Although deforming a silicon single crystal at a temperature of about 600 °C lower than its melting point (1414 °C) by direct electrical heating was successfully demonstrated, the mechanism has still not been fully clarified. In this paper, we propose a model for the low temperature deformation of a semiconductor single crystal by direct electrical heating. The thermographic observation during direct electrical heating reveals that the local temperature is higher at the region where dense dislocation occurred in the semiconductor single crystal by uniaxial pressing. This is interpreted in terms of the scattering of an electron by the dislocation leading to an increase in the electrical resistivity. Finally, the deformation temperature of the semiconductor single crystal apparently becomes low due to the occurrence of such hot spots. We have also demonstrated an application to mold a microlens array composed of a germanium single crystal with a focal length of 25 μm.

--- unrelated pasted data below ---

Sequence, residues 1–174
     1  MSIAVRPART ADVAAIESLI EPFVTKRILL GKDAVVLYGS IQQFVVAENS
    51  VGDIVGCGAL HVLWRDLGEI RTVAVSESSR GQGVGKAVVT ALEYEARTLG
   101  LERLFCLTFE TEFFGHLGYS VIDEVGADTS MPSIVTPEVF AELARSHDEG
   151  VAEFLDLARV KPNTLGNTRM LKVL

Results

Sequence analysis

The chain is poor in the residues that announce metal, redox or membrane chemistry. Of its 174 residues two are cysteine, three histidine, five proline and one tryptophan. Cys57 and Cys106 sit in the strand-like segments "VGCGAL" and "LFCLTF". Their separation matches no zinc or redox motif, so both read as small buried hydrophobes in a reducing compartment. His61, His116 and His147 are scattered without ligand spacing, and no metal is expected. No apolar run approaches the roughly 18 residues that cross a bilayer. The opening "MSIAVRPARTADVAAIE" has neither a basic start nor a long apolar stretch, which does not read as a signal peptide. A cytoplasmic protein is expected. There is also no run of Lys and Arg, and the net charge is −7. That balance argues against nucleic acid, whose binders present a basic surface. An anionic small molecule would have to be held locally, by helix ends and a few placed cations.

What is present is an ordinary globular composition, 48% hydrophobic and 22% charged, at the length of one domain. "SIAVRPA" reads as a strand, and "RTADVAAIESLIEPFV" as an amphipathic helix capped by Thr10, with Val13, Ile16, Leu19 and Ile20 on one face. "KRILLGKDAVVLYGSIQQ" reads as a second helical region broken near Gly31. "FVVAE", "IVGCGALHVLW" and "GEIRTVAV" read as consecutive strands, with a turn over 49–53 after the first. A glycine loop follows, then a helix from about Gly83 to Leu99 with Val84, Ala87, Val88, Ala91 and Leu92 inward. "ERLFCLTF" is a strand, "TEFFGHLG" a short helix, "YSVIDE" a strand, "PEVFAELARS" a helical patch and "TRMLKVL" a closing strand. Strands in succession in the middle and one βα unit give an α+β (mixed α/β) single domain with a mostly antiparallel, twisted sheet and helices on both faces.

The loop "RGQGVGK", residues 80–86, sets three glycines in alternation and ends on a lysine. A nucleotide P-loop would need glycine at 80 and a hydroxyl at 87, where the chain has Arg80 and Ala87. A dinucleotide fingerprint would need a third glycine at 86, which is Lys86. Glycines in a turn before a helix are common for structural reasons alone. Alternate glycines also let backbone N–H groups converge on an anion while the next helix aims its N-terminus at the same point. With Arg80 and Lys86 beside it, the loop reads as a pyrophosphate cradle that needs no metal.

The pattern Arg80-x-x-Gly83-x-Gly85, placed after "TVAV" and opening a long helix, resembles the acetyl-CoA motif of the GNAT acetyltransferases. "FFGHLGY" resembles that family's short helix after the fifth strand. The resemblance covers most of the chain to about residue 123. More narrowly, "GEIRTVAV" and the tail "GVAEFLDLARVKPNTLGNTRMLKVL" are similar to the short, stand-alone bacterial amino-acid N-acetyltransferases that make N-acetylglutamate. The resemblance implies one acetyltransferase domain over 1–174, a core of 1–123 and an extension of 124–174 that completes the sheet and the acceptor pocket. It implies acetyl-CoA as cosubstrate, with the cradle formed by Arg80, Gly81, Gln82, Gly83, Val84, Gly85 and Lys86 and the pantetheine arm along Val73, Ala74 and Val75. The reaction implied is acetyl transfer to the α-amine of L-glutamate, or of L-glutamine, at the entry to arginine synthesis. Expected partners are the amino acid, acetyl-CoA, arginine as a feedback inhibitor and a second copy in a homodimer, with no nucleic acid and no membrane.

ASJC Scopus subject areas
- Physics and Astronomy(all)